We’re in 1983, I’m at The Playground DJing, and I mean we open at nine o’clock and we don’t close until the last person leaves which sometimes was seven, eight, nine o’clock in the morning, and when you’re playing that long, you get into a groove but it’s kinda redundant, because there’s only so many things that you can play and you have to kinda keep it going. So what I would do is I would take different kinds of rhythm tracks that I made at home with my 808 drum machine, and basically I would put other records on top of ’em. A lot of the time I would take the drum machine to the club and just leave it playing the same beat the whole time and just mix things in and out, so it was always constantly the same beat underneath to keep the crowd going, but I would play a different song on top.
There was one record in particular that I used to do this with a lot, which was the original ‘On & On’, which was basically this bootleg record where someone had taken the bassline from ‘Space Invaders’, the “toot-toot, hey, beep-beep” loop of Donna Summer’s ‘Bad Girls’, and the little horn thing in ‘Funky Town’, and looped them all together to make a constant loop for a whole record. This was the b-side of the record. The a-side was a big megamix of ‘Don’t Stop ‘Til You Get Enough’ by Michael Jackson, and that was the side that everyone played.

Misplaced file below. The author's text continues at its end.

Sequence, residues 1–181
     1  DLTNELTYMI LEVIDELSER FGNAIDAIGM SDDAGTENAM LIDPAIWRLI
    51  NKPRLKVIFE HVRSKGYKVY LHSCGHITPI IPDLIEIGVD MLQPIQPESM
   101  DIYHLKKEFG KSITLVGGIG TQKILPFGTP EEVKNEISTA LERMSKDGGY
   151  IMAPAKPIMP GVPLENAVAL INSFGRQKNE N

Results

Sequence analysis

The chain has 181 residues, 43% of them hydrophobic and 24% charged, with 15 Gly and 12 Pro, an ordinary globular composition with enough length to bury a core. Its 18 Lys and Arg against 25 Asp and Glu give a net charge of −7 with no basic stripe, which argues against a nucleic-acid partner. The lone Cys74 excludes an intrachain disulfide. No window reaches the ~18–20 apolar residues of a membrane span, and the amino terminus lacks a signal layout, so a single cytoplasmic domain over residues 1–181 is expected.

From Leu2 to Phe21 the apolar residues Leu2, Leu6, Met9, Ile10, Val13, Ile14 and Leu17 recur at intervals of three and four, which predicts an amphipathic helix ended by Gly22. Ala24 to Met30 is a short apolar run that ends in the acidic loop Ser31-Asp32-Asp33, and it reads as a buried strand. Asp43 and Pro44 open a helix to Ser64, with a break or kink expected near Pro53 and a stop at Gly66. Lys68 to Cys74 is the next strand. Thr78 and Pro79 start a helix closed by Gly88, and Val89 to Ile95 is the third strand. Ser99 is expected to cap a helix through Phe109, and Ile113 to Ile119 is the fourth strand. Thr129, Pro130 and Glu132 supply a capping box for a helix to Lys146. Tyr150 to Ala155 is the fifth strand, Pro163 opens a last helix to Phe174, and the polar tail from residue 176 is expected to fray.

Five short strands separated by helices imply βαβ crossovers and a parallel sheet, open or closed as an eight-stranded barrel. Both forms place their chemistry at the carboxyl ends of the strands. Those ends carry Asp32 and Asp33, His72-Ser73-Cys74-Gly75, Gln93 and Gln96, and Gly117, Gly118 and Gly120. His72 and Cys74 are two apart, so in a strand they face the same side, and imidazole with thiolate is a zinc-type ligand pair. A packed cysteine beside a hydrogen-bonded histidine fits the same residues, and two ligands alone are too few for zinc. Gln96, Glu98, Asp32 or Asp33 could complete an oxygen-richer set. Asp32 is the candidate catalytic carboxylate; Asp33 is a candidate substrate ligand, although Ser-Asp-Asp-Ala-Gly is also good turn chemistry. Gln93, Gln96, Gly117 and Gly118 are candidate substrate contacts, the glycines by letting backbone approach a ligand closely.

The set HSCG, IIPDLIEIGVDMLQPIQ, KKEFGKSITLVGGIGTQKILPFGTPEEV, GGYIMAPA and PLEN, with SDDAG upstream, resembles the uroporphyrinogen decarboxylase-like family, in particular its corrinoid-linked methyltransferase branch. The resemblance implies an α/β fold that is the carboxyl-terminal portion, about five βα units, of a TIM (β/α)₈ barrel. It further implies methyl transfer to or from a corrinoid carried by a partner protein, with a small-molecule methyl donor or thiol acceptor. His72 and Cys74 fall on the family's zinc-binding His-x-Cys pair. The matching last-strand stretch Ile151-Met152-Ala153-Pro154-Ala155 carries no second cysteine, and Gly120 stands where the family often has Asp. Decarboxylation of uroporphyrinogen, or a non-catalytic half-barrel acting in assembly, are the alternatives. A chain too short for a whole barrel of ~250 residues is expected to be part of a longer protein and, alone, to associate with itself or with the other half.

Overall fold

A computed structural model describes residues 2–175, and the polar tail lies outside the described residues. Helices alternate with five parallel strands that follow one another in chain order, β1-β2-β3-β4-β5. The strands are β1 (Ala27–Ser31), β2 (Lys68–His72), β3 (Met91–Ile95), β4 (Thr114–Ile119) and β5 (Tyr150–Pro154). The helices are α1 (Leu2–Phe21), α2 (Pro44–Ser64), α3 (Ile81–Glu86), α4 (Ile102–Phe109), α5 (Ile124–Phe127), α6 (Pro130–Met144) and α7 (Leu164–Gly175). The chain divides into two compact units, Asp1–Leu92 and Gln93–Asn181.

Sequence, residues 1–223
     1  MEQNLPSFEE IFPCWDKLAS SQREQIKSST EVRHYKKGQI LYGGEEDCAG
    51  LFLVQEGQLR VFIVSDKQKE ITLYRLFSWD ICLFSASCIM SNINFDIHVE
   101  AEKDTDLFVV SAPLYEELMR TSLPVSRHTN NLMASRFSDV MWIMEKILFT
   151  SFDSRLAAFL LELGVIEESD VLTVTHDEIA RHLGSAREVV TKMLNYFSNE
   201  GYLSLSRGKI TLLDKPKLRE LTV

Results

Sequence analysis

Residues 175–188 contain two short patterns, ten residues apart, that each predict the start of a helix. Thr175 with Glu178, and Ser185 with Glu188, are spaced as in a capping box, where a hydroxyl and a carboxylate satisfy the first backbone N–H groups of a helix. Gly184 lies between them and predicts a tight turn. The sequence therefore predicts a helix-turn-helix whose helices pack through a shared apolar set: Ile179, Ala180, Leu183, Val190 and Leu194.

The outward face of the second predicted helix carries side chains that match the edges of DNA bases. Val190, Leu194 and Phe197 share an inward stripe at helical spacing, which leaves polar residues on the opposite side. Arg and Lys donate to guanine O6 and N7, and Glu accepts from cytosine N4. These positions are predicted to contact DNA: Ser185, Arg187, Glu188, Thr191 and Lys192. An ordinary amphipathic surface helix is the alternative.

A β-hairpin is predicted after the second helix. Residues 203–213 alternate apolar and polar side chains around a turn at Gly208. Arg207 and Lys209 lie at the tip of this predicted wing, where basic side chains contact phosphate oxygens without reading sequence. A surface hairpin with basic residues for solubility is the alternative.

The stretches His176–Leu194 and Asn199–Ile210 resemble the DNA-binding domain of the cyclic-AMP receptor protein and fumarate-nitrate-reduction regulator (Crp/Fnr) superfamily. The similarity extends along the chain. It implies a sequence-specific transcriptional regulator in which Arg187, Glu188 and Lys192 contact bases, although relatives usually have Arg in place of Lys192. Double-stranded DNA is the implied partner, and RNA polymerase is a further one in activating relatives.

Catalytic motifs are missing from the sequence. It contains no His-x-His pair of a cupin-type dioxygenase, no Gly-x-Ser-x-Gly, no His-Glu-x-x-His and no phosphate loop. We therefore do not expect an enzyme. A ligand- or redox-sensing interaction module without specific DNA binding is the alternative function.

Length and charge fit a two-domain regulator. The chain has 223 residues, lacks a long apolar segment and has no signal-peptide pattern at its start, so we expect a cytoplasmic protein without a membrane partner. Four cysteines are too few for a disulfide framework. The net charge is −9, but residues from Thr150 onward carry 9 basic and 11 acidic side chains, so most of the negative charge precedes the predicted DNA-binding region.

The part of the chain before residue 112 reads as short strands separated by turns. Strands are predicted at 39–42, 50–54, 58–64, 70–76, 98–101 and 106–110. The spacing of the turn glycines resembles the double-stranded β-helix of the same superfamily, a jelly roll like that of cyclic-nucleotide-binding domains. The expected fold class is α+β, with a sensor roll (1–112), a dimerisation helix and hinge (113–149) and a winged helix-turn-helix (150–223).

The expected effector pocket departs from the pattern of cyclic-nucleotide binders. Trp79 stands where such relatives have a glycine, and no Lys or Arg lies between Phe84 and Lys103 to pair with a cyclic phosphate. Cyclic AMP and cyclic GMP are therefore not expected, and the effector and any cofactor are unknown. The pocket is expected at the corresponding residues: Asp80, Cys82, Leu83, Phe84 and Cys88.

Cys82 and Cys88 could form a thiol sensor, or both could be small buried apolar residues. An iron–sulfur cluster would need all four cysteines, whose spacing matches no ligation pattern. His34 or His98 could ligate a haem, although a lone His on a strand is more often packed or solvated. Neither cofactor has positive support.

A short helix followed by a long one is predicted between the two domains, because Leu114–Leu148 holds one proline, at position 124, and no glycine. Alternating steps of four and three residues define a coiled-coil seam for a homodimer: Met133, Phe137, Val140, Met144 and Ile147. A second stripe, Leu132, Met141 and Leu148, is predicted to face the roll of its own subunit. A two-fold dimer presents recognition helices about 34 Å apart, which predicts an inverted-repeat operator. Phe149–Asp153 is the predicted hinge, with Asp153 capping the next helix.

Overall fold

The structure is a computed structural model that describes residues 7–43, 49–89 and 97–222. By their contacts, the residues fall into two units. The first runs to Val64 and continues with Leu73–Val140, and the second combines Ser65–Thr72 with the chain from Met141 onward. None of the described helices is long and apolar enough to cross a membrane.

Now people like Frankie Knuckles, although he had the keenest ear for music and could break records that way, in terms of a real DJ, he couldn’t mix really. His mixing was kinda all over the place. But it wasn’t about the mix with him, it was about the records that he played. But I was all about doing stuff backwards, cutting’ and scratchin’ and the whole nine yards; so basically I was mixing and re-editing records right on the turntables without using tapes and things like that. What I was doing basically was taking the music to a whole different level and a whole new experience of listening to three or four things at one time rather than just one song.
Anyway, like I was saying, everyone was playing the a-side of this record and I just happened to flip it over wondering what was on the b-side, and when I listened to it, it was like “doom doom doom dibi doom doom doom doom, doom doom doom dibi doom doom doom doom” and I was like, “aah damn, that’s a nice groove”. So I was like, “okay, cool, this is cool. I’m gonna try this cut on my crowd”, and when I put it on, they didn’t clear the floor – everybody kinda got into the groove. Then I played it again a little later and more people got on the floor, then I played it again and people started requesting it, so I was like, “cool”. So I had a drum machine going, ‘On & On’ going on one turntable, and I’d be bringing in another record like ‘Planet Rock’, when that came out, on the other turntable.